Barbot said since the Brooklyn outbreak was first detected in October, 285 cases of measles have been recorded in the city. Almost all are centered in the Orthodox Jewish community and 246 are children. The outbreak has resulted in 21 people being hospitalized, including five in the intensive care unit.

There were just two cases of measles in the city in 2017.

People can call the city’s 311 line for a list of places offering low-cost or free vaccinations.

De Blasio said the city has been working with community leaders to increase vaccinations. Even though 8,000 additional vaccines were given out in Williamsburg and Borough Park, as compared with the previous year, the outbreak continues.

Some people opposed to vaccinations have cited religious beliefs as a reason, while others have said they believe vaccinations cause health problems. One largely held but debunked theory linked vaccinations to autism.

“I understand that parents may be afraid of getting their children vaccinated, but the reality is as a pediatrician who has vaccinated hundreds if not thousands of children, I know that getting vaccinated is far safer than getting the measles,” Barbot said.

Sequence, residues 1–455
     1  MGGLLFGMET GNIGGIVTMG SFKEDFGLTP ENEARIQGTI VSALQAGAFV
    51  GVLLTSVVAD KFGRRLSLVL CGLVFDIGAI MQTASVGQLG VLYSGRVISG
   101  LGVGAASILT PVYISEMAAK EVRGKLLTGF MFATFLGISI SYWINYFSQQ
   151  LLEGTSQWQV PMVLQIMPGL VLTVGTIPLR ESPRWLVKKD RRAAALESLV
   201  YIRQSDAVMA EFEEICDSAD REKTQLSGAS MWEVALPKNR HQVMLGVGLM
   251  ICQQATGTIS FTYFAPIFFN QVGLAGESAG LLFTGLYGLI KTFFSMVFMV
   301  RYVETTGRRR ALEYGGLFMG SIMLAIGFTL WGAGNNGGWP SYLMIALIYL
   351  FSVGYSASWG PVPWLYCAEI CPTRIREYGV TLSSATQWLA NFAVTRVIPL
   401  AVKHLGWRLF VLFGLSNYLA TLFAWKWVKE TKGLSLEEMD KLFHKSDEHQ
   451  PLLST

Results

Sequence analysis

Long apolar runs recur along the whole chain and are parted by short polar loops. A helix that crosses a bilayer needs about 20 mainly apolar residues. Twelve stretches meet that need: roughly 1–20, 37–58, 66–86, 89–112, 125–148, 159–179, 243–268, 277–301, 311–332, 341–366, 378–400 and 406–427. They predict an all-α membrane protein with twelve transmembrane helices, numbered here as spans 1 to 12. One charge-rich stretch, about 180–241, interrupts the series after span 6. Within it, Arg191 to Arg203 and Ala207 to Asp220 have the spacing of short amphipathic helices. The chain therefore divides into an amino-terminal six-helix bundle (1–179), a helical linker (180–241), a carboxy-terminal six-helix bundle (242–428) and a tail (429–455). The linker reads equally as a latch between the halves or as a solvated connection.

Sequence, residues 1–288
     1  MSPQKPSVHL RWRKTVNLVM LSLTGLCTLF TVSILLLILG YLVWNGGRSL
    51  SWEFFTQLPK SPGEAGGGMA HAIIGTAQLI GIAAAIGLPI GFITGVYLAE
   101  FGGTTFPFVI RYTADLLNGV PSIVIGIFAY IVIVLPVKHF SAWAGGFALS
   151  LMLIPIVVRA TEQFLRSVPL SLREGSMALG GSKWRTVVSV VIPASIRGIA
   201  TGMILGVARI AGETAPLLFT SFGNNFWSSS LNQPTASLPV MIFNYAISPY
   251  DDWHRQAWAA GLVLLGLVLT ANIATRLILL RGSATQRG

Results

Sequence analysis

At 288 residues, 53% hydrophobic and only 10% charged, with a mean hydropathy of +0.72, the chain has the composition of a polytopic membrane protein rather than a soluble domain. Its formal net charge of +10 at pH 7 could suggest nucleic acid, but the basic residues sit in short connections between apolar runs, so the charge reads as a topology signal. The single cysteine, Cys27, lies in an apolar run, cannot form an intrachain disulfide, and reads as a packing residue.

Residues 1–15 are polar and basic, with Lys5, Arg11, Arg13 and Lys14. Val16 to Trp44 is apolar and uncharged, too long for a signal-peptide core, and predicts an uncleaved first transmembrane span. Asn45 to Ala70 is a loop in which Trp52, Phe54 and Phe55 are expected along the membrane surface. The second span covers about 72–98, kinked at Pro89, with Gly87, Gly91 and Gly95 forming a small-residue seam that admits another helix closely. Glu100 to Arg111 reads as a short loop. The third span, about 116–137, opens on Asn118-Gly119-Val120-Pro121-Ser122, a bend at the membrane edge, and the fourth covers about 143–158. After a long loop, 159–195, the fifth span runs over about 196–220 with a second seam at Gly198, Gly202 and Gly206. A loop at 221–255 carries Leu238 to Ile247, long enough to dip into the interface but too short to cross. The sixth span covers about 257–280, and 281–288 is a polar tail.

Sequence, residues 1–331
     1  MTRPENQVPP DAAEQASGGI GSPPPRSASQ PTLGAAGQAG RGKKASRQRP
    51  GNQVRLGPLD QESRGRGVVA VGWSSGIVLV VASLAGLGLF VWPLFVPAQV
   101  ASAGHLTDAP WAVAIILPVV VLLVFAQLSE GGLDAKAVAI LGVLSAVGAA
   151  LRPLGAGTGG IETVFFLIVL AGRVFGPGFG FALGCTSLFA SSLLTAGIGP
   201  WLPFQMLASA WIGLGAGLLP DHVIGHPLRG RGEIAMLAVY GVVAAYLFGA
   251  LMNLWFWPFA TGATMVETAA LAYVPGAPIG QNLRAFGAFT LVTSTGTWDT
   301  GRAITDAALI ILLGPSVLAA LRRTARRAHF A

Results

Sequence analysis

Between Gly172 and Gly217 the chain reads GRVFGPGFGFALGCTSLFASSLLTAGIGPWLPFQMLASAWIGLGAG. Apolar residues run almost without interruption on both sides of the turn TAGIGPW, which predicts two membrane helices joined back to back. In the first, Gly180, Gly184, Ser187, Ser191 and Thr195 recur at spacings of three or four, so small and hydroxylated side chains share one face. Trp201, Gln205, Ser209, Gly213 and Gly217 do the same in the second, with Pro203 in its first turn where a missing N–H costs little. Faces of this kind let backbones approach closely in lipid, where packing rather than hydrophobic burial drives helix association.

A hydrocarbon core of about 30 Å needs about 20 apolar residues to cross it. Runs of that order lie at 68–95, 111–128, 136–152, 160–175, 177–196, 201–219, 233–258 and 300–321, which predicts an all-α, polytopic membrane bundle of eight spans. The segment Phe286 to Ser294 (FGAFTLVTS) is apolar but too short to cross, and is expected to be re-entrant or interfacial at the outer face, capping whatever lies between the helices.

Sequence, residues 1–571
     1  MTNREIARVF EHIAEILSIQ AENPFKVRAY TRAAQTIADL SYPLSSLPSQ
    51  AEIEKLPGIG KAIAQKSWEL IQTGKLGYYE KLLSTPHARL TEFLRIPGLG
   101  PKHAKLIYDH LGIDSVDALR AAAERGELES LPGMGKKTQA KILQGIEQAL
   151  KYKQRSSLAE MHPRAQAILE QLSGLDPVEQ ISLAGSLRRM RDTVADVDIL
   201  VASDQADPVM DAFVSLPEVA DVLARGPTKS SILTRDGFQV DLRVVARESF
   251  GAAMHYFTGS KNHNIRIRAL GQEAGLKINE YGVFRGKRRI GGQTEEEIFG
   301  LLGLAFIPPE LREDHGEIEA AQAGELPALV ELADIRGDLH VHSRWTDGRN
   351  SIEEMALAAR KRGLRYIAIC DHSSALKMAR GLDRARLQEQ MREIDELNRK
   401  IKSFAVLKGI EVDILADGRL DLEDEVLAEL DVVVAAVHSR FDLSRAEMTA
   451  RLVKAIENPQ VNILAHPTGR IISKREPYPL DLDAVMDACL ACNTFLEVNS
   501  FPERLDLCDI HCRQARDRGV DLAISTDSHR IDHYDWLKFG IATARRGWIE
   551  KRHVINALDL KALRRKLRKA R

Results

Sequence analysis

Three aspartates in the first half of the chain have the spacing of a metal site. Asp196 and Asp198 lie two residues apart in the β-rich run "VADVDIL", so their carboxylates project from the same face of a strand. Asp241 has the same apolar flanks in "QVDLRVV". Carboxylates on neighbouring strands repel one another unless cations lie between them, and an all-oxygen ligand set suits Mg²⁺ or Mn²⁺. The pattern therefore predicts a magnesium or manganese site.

And she pointed out that young children and people with weakened immune systems who cannot be vaccinated are most at risk from people who refuse vaccinations.

“We are trying to get people vaccinated,” de Blasio said. “Our goal is not to fine anyone, our goal is not to shut down schools.”

But the city has promised to do both if residents ignore the order.

Barbot said the Health Department has “disease detectives” who will track measles cases to find unvaccinated children and adults.

She said they have put ads in Yiddish-language newspapers, sent mailings and made several rounds of robocalls to 30,000 houses to advise people of the outbreak and urge them to get vaccinated.

Gary Schlesinger, a community activist and CEO of Parcare, a medical center, said the order was “a step in the right direction.”

He also dismissed claims that vaccinations go against some beliefs in the Jewish community.

“There is no religious exemption on measles, that is fake news,” he said after the news conference. “Any prominent rabbi will say you should vaccinate.”

But outside the news conference, held at the Brooklyn Public Library’s Williamsburg branch, several women, some pushing strollers, told reporters they believe the city has no right to force them to vaccinate their children.

“It’s like saying that God did not create a perfect design,” said Gitty, a mother of five who did not want to give her last name. “In my belief, God has created a perfect design and our kids are born perfect, beautiful and healthy and we will just keep them as pure as that way.”

Clarification: An earlier version of the city's order mistakenly listed 11237 as a ZIP code.